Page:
Grandland X has already got the nickname Poundland X in the trade.

The Grandland X hybrid being run by Car Magazine in a long term test has a list price of over £43k.

Its just seen as a 3008 with all the fancy toys removed.

As far as I can tell the Vauxhall is just as well, if not more so, equipped than the 3008 (certainly pound for pound), so not sure what that comment means?.

It certainly doesn't have Peugeot's 'i-cockpit', but that surely wouldn't be classed as a fancy toy. And given how divisive that is, the Vauxhall not having it is surely a god thing. As for looks, beauty is very much in the eye of the beholder, but the 3008 does suffer from a malady affecting most, not just SUV's, but cars in general, that of being 'over-styled' and too fussy looking. The Grandland X is arguably a better looking car thanks to its simpler, less fussy lines. Personally, I think it is a fine looking car in the flesh, I pass one regularly which lives round the corner.

The only downside I can see of choosing a Grandland X over a 3008 is the likely heavier depreciation. But as the buyer is planning to keep the car a long time (not that the 3008 or Grandland X were choices anyway), how well it retains its value is irrelevant.

The Vauxhall vs Citroen Vs Peugeot conundrum - edlithgow

As an aside, PSA Group is now merging with Fiat-Chrysler to form a new parent company called Stellantis, which will be based in the Netherlands.

A company name rhyming with Atlantis, based in the Netherlands, doesn't seem a very good omen for the Global Warming Era.

The Vauxhall vs Citroen Vs Peugeot conundrum - Engineer Andy

A lot of this also depends upon how long the vehicle will be owned. If the parts are interchangeable under the skin, availability and cost should be easy to compare, and they have to be available for a minimum of 10 years after the vehicle goes out of production, so it may depend on where the person wants the lowest cost or is more concerned about other variables such as the image/styling, the driving experience or specific tech, gadgets or trim combos one model has that another doesn't.

The other factor that is very important is the quality of the dealerships and, if they are considering going indie at some point, other garages in the area. A car might be good, but dealerships across those makes vary in quality a great deal, and normally aren't amongst the best generally for customer service.

Whether a main dealer survives may also have nothing to do with whether they are good or not - my local Vauxhall main dealer left the franchise for new car sales last year and now just sells second hand cars (all makes), but is an 'authorised Vauxhall service agent'. I doubt if they'll survive much longer (COVID or not - I rarely see anyone inside or using the service dept when I go past)

The Vauxhall vs Citroen Vs Peugeot conundrum - _ORB_

Vauxhall amongst others were "culling" the franchised dealer networks before covid appeared and many other car dealeships are having a hard time, but the "Fast Fit" bunch will undoubtedly survive.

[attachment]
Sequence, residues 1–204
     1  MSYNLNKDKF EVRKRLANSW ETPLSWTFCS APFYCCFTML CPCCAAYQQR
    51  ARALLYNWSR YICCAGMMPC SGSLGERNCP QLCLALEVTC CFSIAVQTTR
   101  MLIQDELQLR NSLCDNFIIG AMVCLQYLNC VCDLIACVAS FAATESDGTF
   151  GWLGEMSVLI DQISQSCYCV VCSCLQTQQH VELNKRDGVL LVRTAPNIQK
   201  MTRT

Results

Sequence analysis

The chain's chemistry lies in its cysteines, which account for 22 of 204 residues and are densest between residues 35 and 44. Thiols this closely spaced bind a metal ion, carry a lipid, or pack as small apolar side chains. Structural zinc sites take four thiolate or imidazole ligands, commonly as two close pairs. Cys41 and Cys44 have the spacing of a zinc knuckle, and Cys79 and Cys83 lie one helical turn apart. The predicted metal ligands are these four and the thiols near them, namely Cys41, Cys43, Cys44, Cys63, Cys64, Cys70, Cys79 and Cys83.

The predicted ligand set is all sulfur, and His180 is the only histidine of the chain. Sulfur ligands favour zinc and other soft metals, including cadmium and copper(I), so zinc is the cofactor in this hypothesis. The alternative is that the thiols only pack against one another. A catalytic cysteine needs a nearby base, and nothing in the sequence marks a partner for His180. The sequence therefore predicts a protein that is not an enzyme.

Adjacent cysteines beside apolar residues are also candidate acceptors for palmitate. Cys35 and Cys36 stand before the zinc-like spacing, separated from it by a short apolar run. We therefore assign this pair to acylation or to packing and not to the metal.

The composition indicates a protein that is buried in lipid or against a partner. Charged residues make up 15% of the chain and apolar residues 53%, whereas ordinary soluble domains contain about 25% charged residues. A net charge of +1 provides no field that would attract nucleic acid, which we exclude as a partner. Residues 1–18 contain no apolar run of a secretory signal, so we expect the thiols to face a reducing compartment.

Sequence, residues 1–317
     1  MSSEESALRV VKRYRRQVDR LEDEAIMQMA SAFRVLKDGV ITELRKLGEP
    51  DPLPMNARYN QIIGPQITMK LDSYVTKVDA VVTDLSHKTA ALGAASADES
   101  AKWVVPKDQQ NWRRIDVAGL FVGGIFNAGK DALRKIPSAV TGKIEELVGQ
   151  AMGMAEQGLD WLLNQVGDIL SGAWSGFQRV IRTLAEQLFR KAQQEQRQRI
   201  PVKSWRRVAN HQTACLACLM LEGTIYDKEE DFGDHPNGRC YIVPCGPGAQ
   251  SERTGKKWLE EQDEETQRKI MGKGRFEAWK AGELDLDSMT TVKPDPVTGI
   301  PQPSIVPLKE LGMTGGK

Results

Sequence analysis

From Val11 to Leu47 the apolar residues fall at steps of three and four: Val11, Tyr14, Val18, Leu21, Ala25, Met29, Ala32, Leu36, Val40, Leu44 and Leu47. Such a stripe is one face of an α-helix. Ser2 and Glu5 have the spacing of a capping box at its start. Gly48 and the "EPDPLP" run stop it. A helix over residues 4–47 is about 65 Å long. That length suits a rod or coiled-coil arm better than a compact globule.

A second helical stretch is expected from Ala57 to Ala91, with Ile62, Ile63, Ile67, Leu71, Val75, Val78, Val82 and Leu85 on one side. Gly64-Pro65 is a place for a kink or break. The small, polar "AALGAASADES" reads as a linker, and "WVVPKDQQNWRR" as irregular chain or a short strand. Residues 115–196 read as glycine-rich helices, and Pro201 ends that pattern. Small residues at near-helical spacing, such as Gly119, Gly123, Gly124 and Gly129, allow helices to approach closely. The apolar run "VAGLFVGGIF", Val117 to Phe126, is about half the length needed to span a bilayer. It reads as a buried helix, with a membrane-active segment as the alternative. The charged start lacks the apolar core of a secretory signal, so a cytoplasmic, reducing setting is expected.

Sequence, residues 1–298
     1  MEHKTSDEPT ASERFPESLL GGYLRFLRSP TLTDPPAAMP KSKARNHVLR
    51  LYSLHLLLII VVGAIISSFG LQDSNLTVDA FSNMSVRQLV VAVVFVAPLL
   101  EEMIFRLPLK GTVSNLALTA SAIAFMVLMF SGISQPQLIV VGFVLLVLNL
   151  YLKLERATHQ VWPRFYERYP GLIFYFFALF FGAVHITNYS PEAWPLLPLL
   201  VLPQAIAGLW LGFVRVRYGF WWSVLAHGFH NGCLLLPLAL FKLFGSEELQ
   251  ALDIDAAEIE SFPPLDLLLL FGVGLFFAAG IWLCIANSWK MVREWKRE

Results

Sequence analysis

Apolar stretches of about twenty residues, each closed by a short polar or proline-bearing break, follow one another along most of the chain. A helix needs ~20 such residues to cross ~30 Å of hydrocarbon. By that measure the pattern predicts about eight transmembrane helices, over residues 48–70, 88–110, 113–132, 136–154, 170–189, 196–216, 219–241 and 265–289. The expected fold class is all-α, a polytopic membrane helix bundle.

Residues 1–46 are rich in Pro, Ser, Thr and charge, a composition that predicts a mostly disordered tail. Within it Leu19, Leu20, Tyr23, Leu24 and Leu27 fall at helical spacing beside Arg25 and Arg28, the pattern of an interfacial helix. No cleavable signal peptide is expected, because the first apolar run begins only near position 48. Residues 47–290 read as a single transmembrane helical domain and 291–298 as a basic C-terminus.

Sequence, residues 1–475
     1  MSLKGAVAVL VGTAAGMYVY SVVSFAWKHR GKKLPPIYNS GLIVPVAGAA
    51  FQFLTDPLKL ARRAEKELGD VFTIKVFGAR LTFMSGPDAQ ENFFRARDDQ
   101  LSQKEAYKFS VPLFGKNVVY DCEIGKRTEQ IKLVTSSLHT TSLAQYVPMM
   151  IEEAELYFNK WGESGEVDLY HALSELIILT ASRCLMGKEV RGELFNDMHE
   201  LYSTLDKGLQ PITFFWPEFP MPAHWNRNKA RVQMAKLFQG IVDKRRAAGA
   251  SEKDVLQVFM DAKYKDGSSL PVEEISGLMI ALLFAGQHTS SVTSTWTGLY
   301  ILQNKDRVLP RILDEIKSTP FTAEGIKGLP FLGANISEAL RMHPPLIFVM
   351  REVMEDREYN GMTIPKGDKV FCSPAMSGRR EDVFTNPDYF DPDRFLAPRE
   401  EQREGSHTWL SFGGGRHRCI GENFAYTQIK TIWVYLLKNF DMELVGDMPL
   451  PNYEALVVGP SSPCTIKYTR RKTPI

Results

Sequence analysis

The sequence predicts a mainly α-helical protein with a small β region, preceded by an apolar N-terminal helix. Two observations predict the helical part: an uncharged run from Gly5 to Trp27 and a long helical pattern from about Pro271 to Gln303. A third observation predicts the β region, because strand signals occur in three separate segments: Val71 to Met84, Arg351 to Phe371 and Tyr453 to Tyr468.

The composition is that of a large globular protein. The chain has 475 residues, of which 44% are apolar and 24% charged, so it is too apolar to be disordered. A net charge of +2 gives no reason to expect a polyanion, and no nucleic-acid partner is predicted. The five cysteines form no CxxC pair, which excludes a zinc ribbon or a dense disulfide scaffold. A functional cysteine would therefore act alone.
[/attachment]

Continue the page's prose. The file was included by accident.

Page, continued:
The Vauxhall vs Citroen Vs Peugeot conundrum - RT

Vauxhall amongst others were "culling" the franchised dealer networks before covid appeared and many other car dealeships are having a hard time, but the "Fast Fit" bunch will undoubtedly survive.

My local Vauxhall dealer switched to Citroen soon after the takeover.

The Vauxhall vs Citroen Vs Peugeot conundrum - Lee Power

My preferred Peugeot dealer was swallowed up by the Vauxhall main dealer next door but there now an authorised Peugeot service centre to.

The Vauxhall vs Citroen Vs Peugeot conundrum - Terry W

Reading this reminds me of the British Leyland days.

Rather than lose individual brands, they badge engineered like crazy - Morris, Austin, Riley, Wolsey, Van den Plas carried different badges and trim, but were all 95% the same.

One of the key reasons they went to the wall was maintaining a disparate disconnected dealer network.

Citroen, Peugeot, Vauxhall are heading in the same direction with no clear differentiation between he brands. Which you select is about minor spec differences.

VW by contrast have created a number of very distinct brands.- Audi, VW and Seat/Skoda. It is backed by a clear marketing and development strategy.

The Vauxhall vs Citroen Vs Peugeot conundrum - alan1302

Citroen, Peugeot, Vauxhall are heading in the same direction with no clear differentiation between he brands. Which you select is about minor spec differences.

I think we will need to see what happens when they finish their merger with Fiat as well as that will have an affect - I do wonder if they drop one of the brands - possibly Vauxhall/Opel

The Vauxhall vs Citroen Vs Peugeot conundrum - Andrew-T

Citroen, Peugeot, Vauxhall are heading in the same direction with no clear differentiation between he brands. Which you select is about minor spec differences.

I think we will need to see what happens when they finish their merger with Fiat as well as that will have an affect - I do wonder if they drop one of the brands - possibly Vauxhall/Opel

It didn't take them long to drop the Talbot badge after that was picked up (in the late 70s IIRC).

The Vauxhall vs Citroen Vs Peugeot conundrum - RT

Reading this reminds me of the British Leyland days.

Rather than lose individual brands, they badge engineered like crazy - Morris, Austin, Riley, Wolsey, Van den Plas carried different badges and trim, but were all 95% the same.

One of the key reasons they went to the wall was maintaining a disparate disconnected dealer network.

Citroen, Peugeot, Vauxhall are heading in the same direction with no clear differentiation between he brands. Which you select is about minor spec differences.

VW by contrast have created a number of very distinct brands.- Audi, VW and Seat/Skoda. It is backed by a clear marketing and development strategy.

To be fair, VW Group is the only global example of successful platform sharing across multiple brands - GM made a pig's ear of it and have gradually closed or sold brands, eg Saturn, Geo, Oldsmobile, Pontiac, Saab, Holden plus Opel/Vauxhall/Bedford.

PSA, and now Stellantis, really do need to separate their brands in a way that the car-buying public has a clear view of each brand's market position, mind you Hyundai/Kia need to do the same thing now they're adding Genesis and Ioniq as sub-brands.

The Vauxhall vs Citroen Vs Peugeot conundrum - daveyK_UK
The plan with the Fiat merger was to make Fiat the budget brand for commercials

Not sure how that would work if they push the 500 and 500x as luxury lifestyle cars